Zanele Muholi Cummer Museum exhibition opens on April 15, 2021. How did this show of Muholi’s brilliant, provocative, confrontational self-portraiture land in Jacksonville, Florida? One reason: Andrea Barnwell Brownlee.
When Andrea Barnwell Brownlee assumed directorship at the Cummer Museum of Art and Gardens in December of 2020, she promised change. She cast a “radical,” progressive, vision for the 60-year-old institution in Jacksonville, FL.
“I’m thinking about opportunities to bring something to Jacksonville that is going to stretch people; bringing ideas, individuals, concepts, works of art, that are going to stretch people,” she told Forbes.com.
Brownlee didn’t stop there.
“Jacksonville has incredible opportunities to really soar and present exhibitions that have never been to this part of Florida; we have the opportunity to bring (new) artists, projects, ideas and topics to the forefront,” she added.
During the interview process which resulted in her being named only the fourth African American woman to lead a “mainstream” American art museum, she went big, beyond where the Cummer has been before.
“I was asked what would my vision be in five years for the institution and I talked about it being on a national platform,” Brownlee told the museum’s search committee.
Her five-year vision has been achieved in five months as the Cummer Museum announced March 5th it would be hosting “Zanele Muholi: Somnyama Ngonyama, Hail The Dark Lioness,” an internationally touring exhibition featuring more than 80 self-portraits by visual activist Zanele Muholi (South African, b. 1972).
Zanele Muholi Cummer Museum
Following this show on Muholi’s exhibition calendar is the first major survey of her work in the United Kingdom, hosted at Tate Modern in London, among the handful of most prestigious contemporary art museums in the world.
That may be the first time the Cummer Museum of Art and Gardens and Tate Modern have been mentioned in the same sentence. For the Cummer, showcasing the artwork of a living, African, non-binary gendered photographer is utterly unprecedented.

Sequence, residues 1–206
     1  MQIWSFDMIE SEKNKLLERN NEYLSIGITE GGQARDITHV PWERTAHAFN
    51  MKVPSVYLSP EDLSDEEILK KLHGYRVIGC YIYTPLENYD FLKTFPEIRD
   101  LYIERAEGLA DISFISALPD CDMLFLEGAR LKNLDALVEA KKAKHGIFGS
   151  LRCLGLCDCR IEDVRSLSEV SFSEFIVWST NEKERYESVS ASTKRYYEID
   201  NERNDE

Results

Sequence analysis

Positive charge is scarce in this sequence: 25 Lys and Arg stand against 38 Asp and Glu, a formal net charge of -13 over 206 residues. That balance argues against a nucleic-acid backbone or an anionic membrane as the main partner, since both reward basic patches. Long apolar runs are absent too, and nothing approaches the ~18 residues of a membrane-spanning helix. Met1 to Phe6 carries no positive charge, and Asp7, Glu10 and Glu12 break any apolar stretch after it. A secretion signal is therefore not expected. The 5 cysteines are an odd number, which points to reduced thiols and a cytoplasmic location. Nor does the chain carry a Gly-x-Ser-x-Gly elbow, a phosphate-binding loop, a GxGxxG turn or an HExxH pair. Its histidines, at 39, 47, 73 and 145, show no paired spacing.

Jacksonville has Brownlee to thank for that.
Brownlee exhibited this show in 2018 while director at Spelman College in Atlanta. A COVID-caused gap in the Cummer’s exhibition calendar allowed for Brownlee to work her connections and squeeze the show in. This will be the final venue for the exhibition in the United States.
Not bad for a first act.
“Zanele Muholi’s visually arresting self-portraits compel viewers to consider timely topics such as contrast, dignity, solidarity, difference, history and activism in meaningful ways,” Brownlee said in announcing the exhibition. “Each one invites deep looking and, ultimately, encourages viewers to ask themselves critical questions about empathy, courage and the power of each and every voice.”
Muholi uses their (Muholi’s preferred pronoun) body as a canvas to confront the deeply personal politics of race and representation in the visual archive. Their ongoing series, Somnyama Ngonyama, which translates to ‘Hail The Dark Lioness’ from isiZulu, one of the official languages of South Africa, employs the conventions of classical painting, fashion photography and the familiar clichés of ethnographic imagery to rearticulate contemporary identity politics.
Each black and white self-portrait asks critical questions about social (in)justice, human rights and contested representations of the Black body.
“I’m reclaiming my blackness, which I feel is continuously performed by the privileged other,” Muholi has said of this work. “My reality is that I do not mimic being Black; it is my skin, and the experience of being Black is deeply entrenched in me. Just like our ancestors, we live as Black people 365 days a year, and we should speak without fear.”
The exhibition will be on view at the Cummer through June 20. Admission on Tuesdays and Fridays is free.
Throughout the series, the dark complexion of Muholi’s skin (intensified through enhanced contrast applied in post-production) becomes the focal point of a profound, multilayered interrogation of beauty, pride, desire, self-care, well-being and the many interlinked phobias and isms navigated daily such as homophobia, transphobia, xenophobia, racism and sexism, to name but a few.
“(Somnyama Ngonyama offers) a compelling and visionary mosaic of identities, an exquisite empire of selves,” exhibition curator Renée Mussai, senior curator for Autograph London, the show’s organizer, said. “Each photograph in the series, each visual inscription, each confrontational narrative depicts a self in profound dialogue with countless others: implicitly gendered, non-conforming, culturally complex and historically grounded Black bodies.”